Stitch and Bear

A long-running Irish blog with reviews of the best restaurants in Dublin and throughout Ireland. Some wine and cocktails thrown in for good measure!

Saturday, April 23, 2011

La Maison Restaurant, Dublin

La Maison restaurant on Castlemarket Street has been around since 2009 when it evolved from the popular cafe La Maison des Gourmets. It is under the guidance of Breton chef Olivier Quenet, with Nathan Dimond in charge of the kitchen. Their aim is simple, to produce freshly prepared, classic French food.

Thanks to deals wesbite Living Social, I had purchased an €80 voucher for La Maison and we set out to use it for an early dinner on a sunny Friday evening at the start of April. As we walked to the restaurant, the streets were thronged with Friday evening drinkers enjoying the evening sunshine. However, it was still a little chilly outside, so I was glad when our table turned out to be upstairs on the first floor of La Maison, rather than outside.

The interior of La Maison is narrow, with a view of the kitchen to the back of the ground floor. The decor is classically French in colour, while the first floor is flooded with light from the windows looking out on Castlemarket Street.  Although we were seated quickly, it took a while for our distracted young French male waiter to actually come around with the menus. As you'd expect, the menu is packed full of French goodies and features plenty of seafood with scallops, oysters and crab all on offer.

I chose Os a Moelle Rotis et son Beurre a L'ail (roasted bone marrow with garlic butter, €9) as my starter, while he chose the Saise de Noix de St Jacques (scallops with Sauce Vierge, €13.50)as his starter. When the starters arrived, we were disappointed to see only 3 small scallops dotted on the plate. Despite a lovely sauce vierge, this was a very meagre portion. 

My bone marrow came in two large chunks of bone, served with a slice of toasted sourdough bread. The last time I'd eaten bone marrow was at the fanstastic slow food restaurant Resource in Brussels (unfortunately since closed) and I recalled an unctious gloop, rich in flavour.  Unfortunately, I wasn't as impressed with my bone marrow in La Maison. In a stark contrast to his scallops, there was far too much of it to work as a starter, and it didn't feel like it was cooked enough. Once the flavour of the garlic butter had dissapated, I was left with a somewhat unpleasant fatty taste in my mouth.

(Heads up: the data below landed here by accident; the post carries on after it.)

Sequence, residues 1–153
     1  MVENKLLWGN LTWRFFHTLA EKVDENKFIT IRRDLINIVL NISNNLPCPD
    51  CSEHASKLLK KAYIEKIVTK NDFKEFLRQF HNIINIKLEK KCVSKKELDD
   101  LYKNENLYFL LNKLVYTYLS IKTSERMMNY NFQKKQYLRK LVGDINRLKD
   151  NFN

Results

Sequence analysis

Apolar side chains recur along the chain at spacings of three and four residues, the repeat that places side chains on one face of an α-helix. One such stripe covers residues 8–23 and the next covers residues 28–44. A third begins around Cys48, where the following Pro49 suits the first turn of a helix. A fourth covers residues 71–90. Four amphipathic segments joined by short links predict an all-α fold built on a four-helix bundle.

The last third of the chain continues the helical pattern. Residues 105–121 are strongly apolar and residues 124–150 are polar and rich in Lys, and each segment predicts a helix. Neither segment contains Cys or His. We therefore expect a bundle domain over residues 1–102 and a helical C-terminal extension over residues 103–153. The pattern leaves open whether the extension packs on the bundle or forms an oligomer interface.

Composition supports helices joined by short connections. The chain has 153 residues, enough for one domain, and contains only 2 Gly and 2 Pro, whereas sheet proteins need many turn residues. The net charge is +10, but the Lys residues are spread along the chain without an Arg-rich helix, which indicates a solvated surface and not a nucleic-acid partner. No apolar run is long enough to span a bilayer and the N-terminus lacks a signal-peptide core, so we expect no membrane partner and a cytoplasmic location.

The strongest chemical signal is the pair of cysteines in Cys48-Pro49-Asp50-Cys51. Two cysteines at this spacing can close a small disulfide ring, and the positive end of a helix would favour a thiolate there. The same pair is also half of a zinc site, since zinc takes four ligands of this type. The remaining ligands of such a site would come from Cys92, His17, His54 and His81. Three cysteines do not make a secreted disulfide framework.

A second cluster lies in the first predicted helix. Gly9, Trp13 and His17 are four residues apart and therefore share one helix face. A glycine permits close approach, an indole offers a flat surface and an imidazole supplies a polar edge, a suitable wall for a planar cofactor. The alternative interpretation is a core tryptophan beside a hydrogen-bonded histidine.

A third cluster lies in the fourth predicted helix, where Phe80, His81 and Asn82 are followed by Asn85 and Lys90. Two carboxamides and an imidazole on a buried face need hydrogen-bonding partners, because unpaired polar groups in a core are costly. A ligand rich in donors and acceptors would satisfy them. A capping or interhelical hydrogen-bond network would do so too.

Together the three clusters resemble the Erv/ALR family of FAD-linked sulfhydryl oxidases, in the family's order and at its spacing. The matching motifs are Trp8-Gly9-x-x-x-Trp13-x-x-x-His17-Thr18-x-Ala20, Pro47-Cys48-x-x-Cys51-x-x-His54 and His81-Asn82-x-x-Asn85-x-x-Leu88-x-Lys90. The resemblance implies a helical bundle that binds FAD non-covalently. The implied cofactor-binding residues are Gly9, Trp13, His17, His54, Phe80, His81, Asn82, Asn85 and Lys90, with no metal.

Roasted bone marrow with garlic butter
Two disappointing starters (for different reasons) meant that things weren't looking good for La Maison at this stage. However, we had pushed the boat out when ordering our main having chosen the Cote du Boeuf Irelandaise avec Pomme de Terre Sautee for 2 people (Rib of beef, served with sauteed potatoes and salad, at a stonking €58). At our waiter's suggestion, we ordered this medium rare.

Well folks, let me tell you something for free. This is a magnificent dish and it rescued La Maison from the lists of restaurants not to visit again. A lump of sliced rare beef arrived, served on a wooden chopping board, complete with rib bone. The meat was cooked to perfection, still very pink and moist. Alongside was a pot of potatoes and onion with a little bowl of green leaves. The beef had been seasoned and salted prior to cooking, resulting in lovely little crusty bits of flavour. After we finished the sliced meat, we attacked the rib bone, seeking the last little bits of meaty goodness. The potatoes were excellent, served swimming in butter  and rich with lovely sweet sauteed onions and garlic. The flavour just got better and better as we worked our way down to the bottom of the dish.

Cote du Boeuf Irelandaise ave Pomme de Terre Sautee

For wine, I enjoyed a very refreshing glass of Lombeline Sauvignon Blanc (delicious on a summer evening), while he was not impressed with the Lombeline Grenache-Syrah, finding it rather "meh". Both were priced at €5.50 a glass. 
Overall, we left La Maison with mixed feelings. Service had been slow, and a bit unresponsive at times and while we simply adored the absolutely carnivourous main course, the starters had distinctly failed to impress. Overall, the prices felt a little too high for the current climate, although I would consider a return visit at lunchtime, when prices should be cheaper.

La Maison, 15 Castlemarket Street, Dublin 2. Tel +353 (0)1 672 7258.

La Maison on Urbanspoon

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